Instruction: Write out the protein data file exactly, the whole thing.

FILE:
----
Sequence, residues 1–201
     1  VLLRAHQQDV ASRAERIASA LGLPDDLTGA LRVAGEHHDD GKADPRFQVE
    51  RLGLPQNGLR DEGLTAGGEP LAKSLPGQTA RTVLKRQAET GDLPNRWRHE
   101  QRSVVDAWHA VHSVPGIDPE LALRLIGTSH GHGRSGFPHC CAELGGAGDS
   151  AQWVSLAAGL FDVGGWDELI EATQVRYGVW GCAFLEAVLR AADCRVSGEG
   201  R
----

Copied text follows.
Sequence, residues 1–201
     1  VLLRAHQQDV ASRAERIASA LGLPDDLTGA LRVAGEHHDD GKADPRFQVE
    51  RLGLPQNGLR DEGLTAGGEP LAKSLPGQTA RTVLKRQAET GDLPNRWRHE
   101  QRSVVDAWHA VHSVPGIDPE LALRLIGTSH GHGRSGFPHC CAELGGAGDS
   151  AQWVSLAAGL FDVGGWDELI EATQVRYGVW GCAFLEAVLR AADCRVSGEG
   201  R